Mastering difficult skills, achieving victory, surviving through challenges and striving and growing as a team are important skills to competing in any sport. Esports, much like more popular examples of sports, capture all of these classic elements of competition and more.
The basic skills are very similar: throwing abilities like pitching balls, devising playbooks both on and off the field and running from one end of a field to the next. Playing fields. Game objectives. Equipment. Everything is there.
It’s as if each of these sports are akin to their own universe. Rules may be lifted from real life – gravity, the natural elements etc. – but each would have rules unique to them alone.
Basic concepts may be shared, like moving a ball across a field, but minimal impactful gameplay changes can entirely alter a player’s approach. From this, tactics and measures of performance are shaped. This challenge is not the only aspect players are drawn to.
Simple premises such as rocket car soccer, becoming a living legend, stepping into the childhood fantasy of pitting one’s favorite characters against one another, and being a part of a multinational peace-keeping core are expanded into entire worlds for players.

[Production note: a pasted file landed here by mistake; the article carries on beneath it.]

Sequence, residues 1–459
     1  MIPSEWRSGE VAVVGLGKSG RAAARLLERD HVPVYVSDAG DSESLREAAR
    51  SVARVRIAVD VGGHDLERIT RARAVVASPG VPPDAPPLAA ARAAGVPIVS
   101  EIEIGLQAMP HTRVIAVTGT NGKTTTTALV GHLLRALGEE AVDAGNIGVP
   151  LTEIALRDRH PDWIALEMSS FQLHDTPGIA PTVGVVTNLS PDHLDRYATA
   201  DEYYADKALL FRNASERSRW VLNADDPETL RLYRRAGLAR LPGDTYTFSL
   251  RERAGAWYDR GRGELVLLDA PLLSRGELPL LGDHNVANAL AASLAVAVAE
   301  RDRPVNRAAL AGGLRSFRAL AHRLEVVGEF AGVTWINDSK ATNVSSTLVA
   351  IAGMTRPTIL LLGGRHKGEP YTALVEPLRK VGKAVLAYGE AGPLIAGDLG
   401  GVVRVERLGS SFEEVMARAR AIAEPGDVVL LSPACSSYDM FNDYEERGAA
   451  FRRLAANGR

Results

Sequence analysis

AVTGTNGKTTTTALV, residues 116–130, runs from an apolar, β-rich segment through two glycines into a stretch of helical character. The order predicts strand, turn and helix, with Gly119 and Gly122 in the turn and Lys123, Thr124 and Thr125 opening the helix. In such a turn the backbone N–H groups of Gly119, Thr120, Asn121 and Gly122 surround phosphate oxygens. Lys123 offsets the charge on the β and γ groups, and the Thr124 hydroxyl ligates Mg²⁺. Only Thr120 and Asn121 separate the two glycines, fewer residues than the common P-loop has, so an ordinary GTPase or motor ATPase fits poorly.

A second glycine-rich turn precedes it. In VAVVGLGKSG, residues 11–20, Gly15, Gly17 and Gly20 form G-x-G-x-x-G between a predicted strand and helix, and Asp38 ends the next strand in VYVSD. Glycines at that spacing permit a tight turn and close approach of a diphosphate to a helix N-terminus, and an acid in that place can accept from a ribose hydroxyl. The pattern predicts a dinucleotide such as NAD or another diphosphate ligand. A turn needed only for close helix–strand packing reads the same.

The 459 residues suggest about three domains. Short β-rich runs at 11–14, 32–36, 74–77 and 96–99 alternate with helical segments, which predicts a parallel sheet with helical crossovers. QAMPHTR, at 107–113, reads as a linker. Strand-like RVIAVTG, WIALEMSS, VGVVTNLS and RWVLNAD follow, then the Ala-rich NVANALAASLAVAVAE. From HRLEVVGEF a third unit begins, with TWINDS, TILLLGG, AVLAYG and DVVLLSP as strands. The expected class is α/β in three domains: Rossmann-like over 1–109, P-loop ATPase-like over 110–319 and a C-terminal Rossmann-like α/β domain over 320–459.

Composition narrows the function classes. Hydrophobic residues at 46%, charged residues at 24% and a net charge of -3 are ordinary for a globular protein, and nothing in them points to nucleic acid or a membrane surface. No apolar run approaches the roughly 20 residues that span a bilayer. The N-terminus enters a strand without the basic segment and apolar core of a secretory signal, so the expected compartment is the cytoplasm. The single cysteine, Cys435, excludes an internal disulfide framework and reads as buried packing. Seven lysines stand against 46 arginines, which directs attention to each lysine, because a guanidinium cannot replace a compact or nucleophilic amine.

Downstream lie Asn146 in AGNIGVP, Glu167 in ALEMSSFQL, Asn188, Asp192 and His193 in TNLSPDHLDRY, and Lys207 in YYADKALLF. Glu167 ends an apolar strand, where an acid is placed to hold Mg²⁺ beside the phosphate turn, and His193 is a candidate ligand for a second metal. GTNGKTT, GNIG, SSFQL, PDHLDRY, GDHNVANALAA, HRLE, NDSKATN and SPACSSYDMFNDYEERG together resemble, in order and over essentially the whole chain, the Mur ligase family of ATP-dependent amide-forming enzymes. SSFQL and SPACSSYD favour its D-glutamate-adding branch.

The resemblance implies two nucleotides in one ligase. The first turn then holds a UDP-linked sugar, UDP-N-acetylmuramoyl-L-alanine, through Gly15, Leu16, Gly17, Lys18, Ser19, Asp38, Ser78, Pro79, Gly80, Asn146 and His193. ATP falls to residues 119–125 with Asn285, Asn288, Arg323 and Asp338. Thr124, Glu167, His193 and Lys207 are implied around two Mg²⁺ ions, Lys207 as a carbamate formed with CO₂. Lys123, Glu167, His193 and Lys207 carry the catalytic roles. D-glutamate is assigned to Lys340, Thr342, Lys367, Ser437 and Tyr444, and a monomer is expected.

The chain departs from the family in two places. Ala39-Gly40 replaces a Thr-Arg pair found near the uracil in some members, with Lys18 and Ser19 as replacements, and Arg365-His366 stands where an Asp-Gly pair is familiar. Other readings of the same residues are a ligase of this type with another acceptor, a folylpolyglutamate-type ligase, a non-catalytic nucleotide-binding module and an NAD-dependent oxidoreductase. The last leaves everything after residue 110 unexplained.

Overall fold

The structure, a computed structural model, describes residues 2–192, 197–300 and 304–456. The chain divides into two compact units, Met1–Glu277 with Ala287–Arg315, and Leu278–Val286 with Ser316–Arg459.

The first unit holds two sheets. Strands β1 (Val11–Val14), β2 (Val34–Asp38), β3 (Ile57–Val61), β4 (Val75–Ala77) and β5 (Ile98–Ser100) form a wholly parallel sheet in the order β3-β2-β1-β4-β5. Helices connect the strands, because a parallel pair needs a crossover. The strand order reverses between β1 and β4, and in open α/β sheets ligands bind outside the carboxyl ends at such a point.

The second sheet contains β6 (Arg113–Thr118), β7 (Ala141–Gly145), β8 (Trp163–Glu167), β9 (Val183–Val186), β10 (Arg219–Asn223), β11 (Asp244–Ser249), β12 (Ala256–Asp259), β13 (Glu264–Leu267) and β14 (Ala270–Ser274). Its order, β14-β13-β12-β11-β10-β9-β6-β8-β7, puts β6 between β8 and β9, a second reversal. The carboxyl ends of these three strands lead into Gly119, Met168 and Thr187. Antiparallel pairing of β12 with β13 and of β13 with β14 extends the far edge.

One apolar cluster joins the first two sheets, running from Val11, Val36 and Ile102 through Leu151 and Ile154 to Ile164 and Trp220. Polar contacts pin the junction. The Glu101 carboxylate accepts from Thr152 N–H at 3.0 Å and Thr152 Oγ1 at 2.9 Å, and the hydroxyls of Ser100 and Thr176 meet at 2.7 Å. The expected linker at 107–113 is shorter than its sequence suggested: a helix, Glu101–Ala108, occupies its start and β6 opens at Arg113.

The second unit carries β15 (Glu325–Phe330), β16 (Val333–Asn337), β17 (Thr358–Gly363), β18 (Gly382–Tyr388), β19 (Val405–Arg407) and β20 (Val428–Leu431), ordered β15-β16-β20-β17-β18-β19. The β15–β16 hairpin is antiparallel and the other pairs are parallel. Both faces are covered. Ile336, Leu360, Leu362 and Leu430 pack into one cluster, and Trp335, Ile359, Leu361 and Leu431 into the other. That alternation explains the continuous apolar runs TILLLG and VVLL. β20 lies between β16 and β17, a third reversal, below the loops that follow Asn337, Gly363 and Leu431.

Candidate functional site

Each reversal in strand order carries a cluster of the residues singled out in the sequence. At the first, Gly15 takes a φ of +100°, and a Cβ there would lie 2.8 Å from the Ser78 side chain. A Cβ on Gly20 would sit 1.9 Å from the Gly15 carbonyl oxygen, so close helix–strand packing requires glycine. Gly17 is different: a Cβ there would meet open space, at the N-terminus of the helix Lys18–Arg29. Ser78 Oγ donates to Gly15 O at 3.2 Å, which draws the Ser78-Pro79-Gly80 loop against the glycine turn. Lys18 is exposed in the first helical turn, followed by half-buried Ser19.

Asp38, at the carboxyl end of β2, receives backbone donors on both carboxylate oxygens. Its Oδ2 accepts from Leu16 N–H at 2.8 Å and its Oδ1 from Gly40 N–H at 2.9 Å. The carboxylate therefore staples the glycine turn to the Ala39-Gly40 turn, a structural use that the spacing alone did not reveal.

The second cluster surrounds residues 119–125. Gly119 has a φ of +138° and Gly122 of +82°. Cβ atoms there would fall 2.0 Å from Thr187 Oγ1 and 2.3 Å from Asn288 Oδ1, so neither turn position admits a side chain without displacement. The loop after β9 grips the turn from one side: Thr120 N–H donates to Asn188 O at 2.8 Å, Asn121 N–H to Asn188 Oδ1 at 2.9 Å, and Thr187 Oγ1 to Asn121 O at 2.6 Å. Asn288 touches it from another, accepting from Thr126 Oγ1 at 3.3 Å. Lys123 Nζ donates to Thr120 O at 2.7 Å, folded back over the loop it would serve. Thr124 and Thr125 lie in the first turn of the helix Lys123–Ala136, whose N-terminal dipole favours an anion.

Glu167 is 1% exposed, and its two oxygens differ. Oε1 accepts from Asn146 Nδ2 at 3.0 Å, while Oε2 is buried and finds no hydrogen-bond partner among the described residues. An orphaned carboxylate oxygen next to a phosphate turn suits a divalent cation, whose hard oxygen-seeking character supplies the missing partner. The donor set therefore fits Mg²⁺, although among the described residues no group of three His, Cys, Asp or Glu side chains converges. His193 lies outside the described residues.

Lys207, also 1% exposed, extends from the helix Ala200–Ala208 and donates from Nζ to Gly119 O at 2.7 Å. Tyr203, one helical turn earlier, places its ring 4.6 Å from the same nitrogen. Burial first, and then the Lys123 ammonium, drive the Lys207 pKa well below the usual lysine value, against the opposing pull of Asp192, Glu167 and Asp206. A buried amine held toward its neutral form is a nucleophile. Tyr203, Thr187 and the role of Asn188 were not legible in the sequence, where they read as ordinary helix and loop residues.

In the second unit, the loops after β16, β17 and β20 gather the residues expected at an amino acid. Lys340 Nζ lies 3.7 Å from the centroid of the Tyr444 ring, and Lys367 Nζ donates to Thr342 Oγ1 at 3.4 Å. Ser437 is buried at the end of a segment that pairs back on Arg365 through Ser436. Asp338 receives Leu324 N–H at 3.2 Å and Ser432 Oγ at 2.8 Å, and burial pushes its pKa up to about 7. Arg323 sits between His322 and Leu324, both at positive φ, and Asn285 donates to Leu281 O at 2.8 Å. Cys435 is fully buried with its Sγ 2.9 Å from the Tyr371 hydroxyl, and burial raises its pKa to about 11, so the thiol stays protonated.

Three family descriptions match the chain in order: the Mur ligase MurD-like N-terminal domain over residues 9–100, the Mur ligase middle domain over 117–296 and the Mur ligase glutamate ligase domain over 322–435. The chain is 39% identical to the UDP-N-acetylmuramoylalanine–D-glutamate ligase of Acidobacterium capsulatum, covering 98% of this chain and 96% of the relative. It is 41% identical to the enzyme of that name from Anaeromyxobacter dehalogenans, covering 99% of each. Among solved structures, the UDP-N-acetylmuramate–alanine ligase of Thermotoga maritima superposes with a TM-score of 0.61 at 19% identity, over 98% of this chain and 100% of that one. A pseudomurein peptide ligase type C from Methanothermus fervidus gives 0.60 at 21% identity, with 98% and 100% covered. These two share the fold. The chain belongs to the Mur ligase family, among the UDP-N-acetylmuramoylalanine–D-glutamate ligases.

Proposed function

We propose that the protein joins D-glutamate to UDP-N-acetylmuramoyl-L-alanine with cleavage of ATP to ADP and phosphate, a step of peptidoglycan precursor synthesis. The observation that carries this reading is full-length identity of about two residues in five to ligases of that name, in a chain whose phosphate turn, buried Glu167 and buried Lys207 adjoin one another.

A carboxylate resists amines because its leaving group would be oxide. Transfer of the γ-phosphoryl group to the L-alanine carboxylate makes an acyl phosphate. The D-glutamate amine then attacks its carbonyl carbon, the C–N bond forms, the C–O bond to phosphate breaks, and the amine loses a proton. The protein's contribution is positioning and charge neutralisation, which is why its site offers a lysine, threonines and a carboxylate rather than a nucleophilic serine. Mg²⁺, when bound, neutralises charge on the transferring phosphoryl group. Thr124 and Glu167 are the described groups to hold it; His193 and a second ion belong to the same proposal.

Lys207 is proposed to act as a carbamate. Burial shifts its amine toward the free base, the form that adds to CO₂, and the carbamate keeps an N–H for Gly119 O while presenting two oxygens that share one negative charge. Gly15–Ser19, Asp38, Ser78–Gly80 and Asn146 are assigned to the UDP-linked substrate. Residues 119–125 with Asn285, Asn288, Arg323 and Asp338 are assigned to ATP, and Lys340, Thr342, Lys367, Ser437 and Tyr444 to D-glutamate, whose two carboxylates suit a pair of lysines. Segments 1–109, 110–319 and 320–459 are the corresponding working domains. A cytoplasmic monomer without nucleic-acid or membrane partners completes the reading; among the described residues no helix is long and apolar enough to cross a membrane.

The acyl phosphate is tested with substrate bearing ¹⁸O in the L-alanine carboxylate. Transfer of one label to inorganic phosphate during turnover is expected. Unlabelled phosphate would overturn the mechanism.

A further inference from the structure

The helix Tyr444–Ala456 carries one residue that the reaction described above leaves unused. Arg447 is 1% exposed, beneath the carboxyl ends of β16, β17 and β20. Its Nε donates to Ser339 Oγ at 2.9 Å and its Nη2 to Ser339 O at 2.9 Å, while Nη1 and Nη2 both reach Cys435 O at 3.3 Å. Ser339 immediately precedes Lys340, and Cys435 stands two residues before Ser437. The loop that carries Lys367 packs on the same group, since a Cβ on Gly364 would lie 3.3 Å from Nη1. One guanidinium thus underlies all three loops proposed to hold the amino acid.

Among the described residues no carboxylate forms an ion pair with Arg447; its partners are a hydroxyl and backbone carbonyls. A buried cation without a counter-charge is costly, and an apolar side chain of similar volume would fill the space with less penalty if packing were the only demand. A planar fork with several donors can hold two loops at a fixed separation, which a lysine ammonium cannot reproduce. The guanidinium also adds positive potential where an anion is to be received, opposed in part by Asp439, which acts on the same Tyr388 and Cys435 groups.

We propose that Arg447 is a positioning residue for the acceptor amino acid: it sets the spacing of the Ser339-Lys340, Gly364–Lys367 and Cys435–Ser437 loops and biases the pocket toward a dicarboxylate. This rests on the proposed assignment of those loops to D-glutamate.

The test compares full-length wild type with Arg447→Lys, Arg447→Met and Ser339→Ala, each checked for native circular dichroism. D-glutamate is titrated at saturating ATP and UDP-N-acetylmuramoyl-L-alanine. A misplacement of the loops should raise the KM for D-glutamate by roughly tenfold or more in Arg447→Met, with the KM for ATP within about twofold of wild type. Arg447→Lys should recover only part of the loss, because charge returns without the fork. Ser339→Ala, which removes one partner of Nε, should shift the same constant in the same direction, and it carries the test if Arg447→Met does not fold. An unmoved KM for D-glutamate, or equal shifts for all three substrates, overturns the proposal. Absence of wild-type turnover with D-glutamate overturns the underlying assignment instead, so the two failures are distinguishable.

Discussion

Words alone cannot capture the artistry from simple in-game character portraits, the musical score and even the design of user interfaces combining into an immersive experience.
All of that comes with a low barrier of entry. The divide between console and PC gaming has long stood and some games are split by these barriers of compatible technology or online servers. Yet, these cases are growing slimmer and often times communities don’t recognize these as boundaries at all.
Hooking up controllers to PCs is as easy as connecting a mouse or keyboard. Starting with this set up, players who use these controls already have everything they need to play. Regardless of physical ability – strength, dexterity or endurance – players start out on even footing edged only by their capacity to play.
That extends to the aforementioned community. Online, inhibitions are lowered by nature. Matchmaking systems may pair clashing personalities as well as extremely disparate skill levels amongst supposed teammates, making the playing field feel more even. There are no appearances to judge, at minimum a voice, and actions are magnified to encompass one’s character. Hostility is natural in a situation where trust is so heavily weighted on performance.
This same environment, though, can lend to positivity. Stronger camaraderie can be found when one has no prejudices of identity and ability. Visceral experiences can be shared amongst newfound friends without the initial judgements we often make in person.
In a game, you save someone’s life, commit heroics to snatch victory or fill tough, wearisome nights with joy, even if you don’t feel like a hero in your own life. I’ve found that people can often be more themselves in games than they are capable of in person.